Quasi-Quadrature Solution of Integral Equations Fredholm of the Second Kind in the Class of Integrable Functions

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1. Introduction

Numerical methods of the solution of the equations are universal. This is their important quality. Quadrature formulas are quite often used in the solution of the integral equations. Quadrature formulas are applicable only to continuous functions. In other words, the integrable function has to have a certain value at each point. This requirement cannot be fulfilled for the class of integrable functions. In such situation the alternative version of the quadrature solution of the integral equation is possible. This work is further work [1] .

2. Algorithm

The essence of the offered algorithm is as follows. On the main segment of the integral equation the system of segments is formed and on each such segment the integral average value of function is defined.

The equation is considered

$y\left(x\right)-{\displaystyle \underset{a}{\overset{b}{\int}}K\left(x,t\right)y\left(t\right)\text{d}t}=f\left(x\right)$ (2.1)

which has the unique solution in a class of the integrable functions.

We form on a segment [a, b] a uniform grid of N segments with a step

$h=\frac{b-a}{N}$ (2.2)

On this grid there is N + 1 of points. We build segments δ_{i} in the vicinity of each point

$\begin{array}{l}{\delta}_{0}=\left[a,a+\frac{h}{2}\right],\\ {\delta}_{i}=\left[a+\frac{h}{2}\left(2i-1\right),a+\frac{h}{2}\left(2i+1\right)\right],\text{\hspace{0.17em}}\text{\hspace{0.17em}}i=1,\cdots ,N-1,\\ {\delta}_{N}=\left[b-\frac{h}{2},b\right]\end{array}$ (2.3)

We will enter concept of integral average values on these segments. They have the form for functions y(x) and f(x)

${w}_{i}=\frac{1}{{\delta}_{i}}{\displaystyle \underset{{\delta}_{i}}{\int}y\left(x\right)\text{d}x},\text{\hspace{1em}}{f}_{j}=\frac{1}{{\delta}_{j}}{\displaystyle \underset{{\delta}_{j}}{\int}f\left(x\right)\text{d}x}$ (2.4)

Let’s provide the function y(t) under integral in (2.1) in the form

$y\left(t\right)={\displaystyle \underset{i=0}{\overset{N}{\sum}}{w}_{i}{\delta}_{i}}$ (2.5)

where δ_{i} is characteristic function of the corresponding segment.

Then (2.1) receives the form

$y\left(x\right)-{\displaystyle \underset{i=0}{\overset{N}{\sum}}{K}_{i}\left(x\right){w}_{i}}=f\left(x\right)$ (2.6)

where ${K}_{i}\left(x\right)={\displaystyle \underset{{\delta}_{i}}{\int}K\left(x,t\right)\text{d}t}$ .

Let’s carry out to (2.6) integral averaging on segments δ_{j}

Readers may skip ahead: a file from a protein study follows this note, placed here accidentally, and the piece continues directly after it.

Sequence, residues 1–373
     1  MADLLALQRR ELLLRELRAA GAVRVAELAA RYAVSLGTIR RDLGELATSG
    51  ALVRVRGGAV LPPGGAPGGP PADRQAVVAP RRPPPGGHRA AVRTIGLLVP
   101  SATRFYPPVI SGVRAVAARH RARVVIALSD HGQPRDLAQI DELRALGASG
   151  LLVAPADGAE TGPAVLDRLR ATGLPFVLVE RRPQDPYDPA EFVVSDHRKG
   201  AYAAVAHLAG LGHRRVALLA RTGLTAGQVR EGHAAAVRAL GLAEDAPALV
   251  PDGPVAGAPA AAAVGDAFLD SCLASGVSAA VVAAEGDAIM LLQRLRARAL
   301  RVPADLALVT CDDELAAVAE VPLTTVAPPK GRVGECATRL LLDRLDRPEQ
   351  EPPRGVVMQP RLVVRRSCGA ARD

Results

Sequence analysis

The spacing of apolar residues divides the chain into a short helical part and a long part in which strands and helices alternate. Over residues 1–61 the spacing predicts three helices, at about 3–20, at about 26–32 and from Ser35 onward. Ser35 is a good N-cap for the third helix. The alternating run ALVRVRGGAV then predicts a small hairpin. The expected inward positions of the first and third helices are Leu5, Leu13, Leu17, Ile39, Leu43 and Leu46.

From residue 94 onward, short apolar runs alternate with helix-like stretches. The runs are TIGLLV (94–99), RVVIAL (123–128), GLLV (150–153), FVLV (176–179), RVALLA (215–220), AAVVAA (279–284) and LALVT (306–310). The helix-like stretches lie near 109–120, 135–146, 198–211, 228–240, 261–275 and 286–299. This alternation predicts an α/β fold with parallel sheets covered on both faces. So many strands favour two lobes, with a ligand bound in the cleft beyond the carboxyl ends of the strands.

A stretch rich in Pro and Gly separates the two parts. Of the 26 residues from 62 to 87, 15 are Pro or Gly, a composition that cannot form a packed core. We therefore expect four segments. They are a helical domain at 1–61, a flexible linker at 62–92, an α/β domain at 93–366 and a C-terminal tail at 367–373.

${w}_{j}-{\displaystyle \underset{i=1}{\overset{N}{\sum}}{K}_{ji}{w}_{i}}={f}_{j},\text{\hspace{0.17em}}\text{\hspace{0.17em}}j=0,\cdots ,N$ (2.7)

where ${K}_{ji}=\frac{1}{{\delta}_{j}}{\displaystyle \underset{{\delta}_{j}}{\int}{\displaystyle \underset{{\delta}_{i}}{\int}K\left(x,t\right)\text{d}t\text{d}x}}$ , ${f}_{j}=\frac{1}{{\delta}_{j}}{\displaystyle \underset{{\delta}_{j}}{\int}f\left(x\right)\text{d}x}$ , j is number of the equation, i is number of item in the equation.

(2.7) is system of the equations for definition of integral average values of unknown function on system of segments (2.3).

3. Example 1

The equation is considered

$y\left(x\right)-{\displaystyle \underset{0}{\overset{1}{\int}}\frac{y\left(t\right)\text{d}t}{\sqrt{|t-x|}}}=\sqrt{x}-\frac{x\pi}{2}+\frac{x\mathrm{ln}x}{2}-\sqrt{1-x}-\frac{1}{2}x\mathrm{ln}\left(2-x+2\sqrt{1-x}\right)$ (3.1)

which has the exact solution $y=\sqrt{x}$ .

Results of the quasi-quadrature solution of this equation are presented in Table 1.

In Table 1 y_{0} and y_{N} are the integral average values calculated according to the exact solution. It is possible to claim that the received solution is satisfactory.

4. Example 2

The equation is considered

$y\left(x\right)-{\displaystyle \underset{0}{\overset{1}{\int}}\sqrt{\left|t-x\right|}y\left(t\right)\text{d}t}=\frac{1}{\sqrt{x}}-\frac{x\pi}{2}-\frac{x\mathrm{ln}x}{2}-\sqrt{1-x}+\frac{1}{2}x\mathrm{ln}\left(2-x+2\sqrt{1-x}\right)$ (4.1)

which has the exact solution $y=\frac{1}{\sqrt{x}}$ .

Results of the quasiquadrature solution of this equation are presented in Table 2.

Let’s make some analysis of the received solution. We see that the function y(x) grows at approach to a point x = 0. We will assume that this growth has power character. Specifically: we will assume that in the vicinity of a point x = 0 function has the form $\stackrel{\xaf}{y}=p+q{x}^{n}$ with unknown p, q and n. Then

${\stackrel{\xaf}{y}}_{0}=\frac{2}{h}{\displaystyle \underset{0}{\overset{h/2}{\int}}\stackrel{\xaf}{y}\text{d}x}=p+\frac{q}{{2}^{n}\left(n+1\right){N}^{n}}$ (4.2)

Table 1. Quasiquadrature solution of Equation (3.1).

Table 2. Quasiquadrature solution of Equation (4.1).

For definition of unknown p, q and n we equate the received expression to three values from Table 2

$\begin{array}{l}p+\frac{q}{{2}^{n}\left(n+1\right){160}^{n}}={w}_{0}\left(160\right)=35.777063\\ p+\frac{q}{{2}^{n}\left(n+1\right){240}^{n}}={w}_{0}\left(240\right)=43.817803\\ p+\frac{q}{{2}^{n}\left(n+1\right){320}^{n}}={w}_{0}\left(320\right)=50.596448\end{array}$ (4.3)

The solution of system (4.3) gives (after rounding) $n=-0.5$ , $p=0$ , $q=1$ . This solution correctly defines behavior of function y(x).

5. Conclusion

The conducted research shows that the method of the quasi-quadrature solution can take its place among other methods of approximate solution of integral equations.